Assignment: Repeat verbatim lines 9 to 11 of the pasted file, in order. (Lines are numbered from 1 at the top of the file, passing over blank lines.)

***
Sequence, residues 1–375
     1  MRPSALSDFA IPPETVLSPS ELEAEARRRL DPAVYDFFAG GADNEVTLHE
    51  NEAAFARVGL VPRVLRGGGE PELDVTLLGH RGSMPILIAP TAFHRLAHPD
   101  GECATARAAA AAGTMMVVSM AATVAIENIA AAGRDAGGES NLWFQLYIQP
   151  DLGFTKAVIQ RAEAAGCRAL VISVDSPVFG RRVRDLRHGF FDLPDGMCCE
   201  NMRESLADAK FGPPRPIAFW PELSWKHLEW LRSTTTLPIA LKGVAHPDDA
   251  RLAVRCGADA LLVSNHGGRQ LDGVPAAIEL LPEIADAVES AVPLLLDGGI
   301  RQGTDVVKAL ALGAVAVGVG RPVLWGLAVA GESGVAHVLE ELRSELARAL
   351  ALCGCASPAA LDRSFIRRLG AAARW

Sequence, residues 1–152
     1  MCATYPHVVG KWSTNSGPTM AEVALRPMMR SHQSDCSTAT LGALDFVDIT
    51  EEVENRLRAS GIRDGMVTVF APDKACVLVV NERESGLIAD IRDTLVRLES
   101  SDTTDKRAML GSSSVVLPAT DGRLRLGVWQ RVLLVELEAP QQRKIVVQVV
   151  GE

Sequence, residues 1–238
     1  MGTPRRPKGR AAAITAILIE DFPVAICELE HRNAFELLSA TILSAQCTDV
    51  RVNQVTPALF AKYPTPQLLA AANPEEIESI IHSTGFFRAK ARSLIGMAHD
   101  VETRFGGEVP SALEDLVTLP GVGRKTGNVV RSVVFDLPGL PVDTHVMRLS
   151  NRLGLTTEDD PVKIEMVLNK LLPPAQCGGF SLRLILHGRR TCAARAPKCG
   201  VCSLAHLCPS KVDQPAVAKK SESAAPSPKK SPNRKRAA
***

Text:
   351  ALCGCASPAA LDRSFIRRLG AAARW

Sequence, residues 1–152
     1  MCATYPHVVG KWSTNSGPTM AEVALRPMMR SHQSDCSTAT LGALDFVDIT